Why Enterprises need to move to the Cloud


I went to a Microsoft hosted seminar this week on “Azure (Microsoft’s public cloud offering) in the Enterprise”. Microsoft have hired David Chappell for a worldwide tour. David is a fantastic speaker, and the truth is that I wanted to see David more than hear about Azure!

If there’s something consistent about Microsoft events, it’s the fact they know how to choose their venues. Their campus in Reading is impressive, if a little sterile. This time it was in the Royal Mint Court opposite the Tower of London.

David started the talk by defining the term ‘Cloud’.

I have been vocal about the difference between virtualisation and Cloud. To me there’s a huge difference, but the problem is that so many competitors in the market call their virtualised stack a Cloud, that it’s easy to look uncompetitive if you don’t join in the buzzword marketing bingo game.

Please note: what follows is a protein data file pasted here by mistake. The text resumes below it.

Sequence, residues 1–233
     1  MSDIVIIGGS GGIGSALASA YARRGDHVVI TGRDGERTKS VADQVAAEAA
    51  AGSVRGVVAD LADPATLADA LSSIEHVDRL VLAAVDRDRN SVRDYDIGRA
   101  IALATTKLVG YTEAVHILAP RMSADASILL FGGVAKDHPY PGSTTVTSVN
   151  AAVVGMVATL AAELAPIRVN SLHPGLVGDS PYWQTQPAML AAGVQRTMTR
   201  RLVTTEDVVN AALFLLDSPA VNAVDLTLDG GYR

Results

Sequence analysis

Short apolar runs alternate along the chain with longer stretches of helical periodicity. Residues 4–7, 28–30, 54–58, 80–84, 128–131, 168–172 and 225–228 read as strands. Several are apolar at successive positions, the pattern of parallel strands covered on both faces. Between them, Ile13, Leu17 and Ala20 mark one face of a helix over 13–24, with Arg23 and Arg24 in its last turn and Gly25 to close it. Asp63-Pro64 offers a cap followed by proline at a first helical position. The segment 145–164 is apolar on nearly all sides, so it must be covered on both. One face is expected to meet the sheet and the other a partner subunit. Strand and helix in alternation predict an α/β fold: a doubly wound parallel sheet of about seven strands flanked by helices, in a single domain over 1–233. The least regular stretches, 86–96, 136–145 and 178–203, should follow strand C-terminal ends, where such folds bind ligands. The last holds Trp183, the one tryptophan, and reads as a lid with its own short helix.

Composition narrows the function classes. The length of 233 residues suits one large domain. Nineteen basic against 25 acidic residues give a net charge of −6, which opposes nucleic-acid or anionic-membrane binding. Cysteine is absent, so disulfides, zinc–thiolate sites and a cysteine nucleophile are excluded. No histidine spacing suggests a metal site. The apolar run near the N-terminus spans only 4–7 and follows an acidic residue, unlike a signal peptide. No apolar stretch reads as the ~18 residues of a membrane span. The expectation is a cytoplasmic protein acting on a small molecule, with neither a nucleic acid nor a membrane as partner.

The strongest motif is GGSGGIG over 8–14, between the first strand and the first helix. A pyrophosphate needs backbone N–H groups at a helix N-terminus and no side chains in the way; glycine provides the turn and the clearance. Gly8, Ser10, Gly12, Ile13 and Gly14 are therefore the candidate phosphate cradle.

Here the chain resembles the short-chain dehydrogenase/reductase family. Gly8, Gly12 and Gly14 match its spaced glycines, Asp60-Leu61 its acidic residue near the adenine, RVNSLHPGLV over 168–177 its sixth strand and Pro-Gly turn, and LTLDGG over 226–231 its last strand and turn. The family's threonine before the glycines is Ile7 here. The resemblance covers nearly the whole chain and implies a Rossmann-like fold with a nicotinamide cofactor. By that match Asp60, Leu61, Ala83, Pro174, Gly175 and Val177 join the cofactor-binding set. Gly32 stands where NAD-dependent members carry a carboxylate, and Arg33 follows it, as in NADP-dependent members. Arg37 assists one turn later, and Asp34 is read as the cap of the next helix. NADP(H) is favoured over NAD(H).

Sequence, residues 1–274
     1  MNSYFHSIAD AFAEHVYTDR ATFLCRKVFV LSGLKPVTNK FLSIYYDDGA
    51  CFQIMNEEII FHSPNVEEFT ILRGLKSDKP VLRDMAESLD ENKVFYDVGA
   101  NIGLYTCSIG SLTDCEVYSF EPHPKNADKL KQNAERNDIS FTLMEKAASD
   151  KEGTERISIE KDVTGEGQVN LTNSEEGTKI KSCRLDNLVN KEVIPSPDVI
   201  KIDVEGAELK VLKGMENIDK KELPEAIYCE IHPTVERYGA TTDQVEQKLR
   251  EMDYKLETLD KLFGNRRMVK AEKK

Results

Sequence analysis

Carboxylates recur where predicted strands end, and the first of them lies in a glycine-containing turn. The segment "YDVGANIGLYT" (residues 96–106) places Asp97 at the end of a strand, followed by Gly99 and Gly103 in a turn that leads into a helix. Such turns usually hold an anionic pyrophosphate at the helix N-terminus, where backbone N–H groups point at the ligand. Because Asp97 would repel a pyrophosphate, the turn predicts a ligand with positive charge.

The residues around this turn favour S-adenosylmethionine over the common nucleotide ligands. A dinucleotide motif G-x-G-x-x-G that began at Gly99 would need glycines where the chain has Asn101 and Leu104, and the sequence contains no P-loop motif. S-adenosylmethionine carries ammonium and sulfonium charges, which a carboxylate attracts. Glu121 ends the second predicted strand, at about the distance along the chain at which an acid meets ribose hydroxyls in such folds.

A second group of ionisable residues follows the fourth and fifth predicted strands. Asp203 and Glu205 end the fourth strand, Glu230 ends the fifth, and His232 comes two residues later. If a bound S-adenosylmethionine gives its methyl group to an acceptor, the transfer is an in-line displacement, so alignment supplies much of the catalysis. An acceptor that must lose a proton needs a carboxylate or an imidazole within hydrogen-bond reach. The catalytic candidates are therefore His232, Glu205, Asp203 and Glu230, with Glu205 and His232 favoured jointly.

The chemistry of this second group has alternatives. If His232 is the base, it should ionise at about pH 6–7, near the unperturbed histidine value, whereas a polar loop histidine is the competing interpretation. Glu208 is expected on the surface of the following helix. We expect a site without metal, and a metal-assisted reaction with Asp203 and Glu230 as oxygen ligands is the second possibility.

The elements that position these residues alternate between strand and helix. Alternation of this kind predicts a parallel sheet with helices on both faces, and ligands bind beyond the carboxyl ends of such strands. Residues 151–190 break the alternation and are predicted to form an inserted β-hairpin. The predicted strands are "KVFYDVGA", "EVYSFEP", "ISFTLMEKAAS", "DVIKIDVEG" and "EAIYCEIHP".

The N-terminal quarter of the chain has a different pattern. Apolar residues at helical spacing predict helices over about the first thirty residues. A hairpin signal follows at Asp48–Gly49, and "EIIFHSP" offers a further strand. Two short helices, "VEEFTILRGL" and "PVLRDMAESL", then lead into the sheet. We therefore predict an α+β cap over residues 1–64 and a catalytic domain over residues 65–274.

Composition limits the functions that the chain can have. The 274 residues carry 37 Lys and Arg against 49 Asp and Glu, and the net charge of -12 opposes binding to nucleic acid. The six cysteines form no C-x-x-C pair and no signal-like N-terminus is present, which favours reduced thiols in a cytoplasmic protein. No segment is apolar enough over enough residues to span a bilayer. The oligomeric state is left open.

David’s definition of Cloud is:

A self-service portal on top of pooled hardware.

If either of those don’t exist, you’ve got a virtualised infrastructure, not a Cloud. Sounds fair to me.

His definition continued:

If this Cloud environment is hosted on your own hardware, it’s a Private Cloud. If the hardware and self-service portal is available from an external provider, it’s a Public Cloud.

Again, sounds fair.

On David’s tour across the US and Europe so far, apparently the feedback he’s been receiving is that the UK are among the most advanced Cloud users. We (in the UK) believe that the Cloud is the future, and enterprises are already starting the migration. Geography is important with the Cloud, because so many different countries and industries have different compliance measures that it can become difficult for some enterprises to move right now.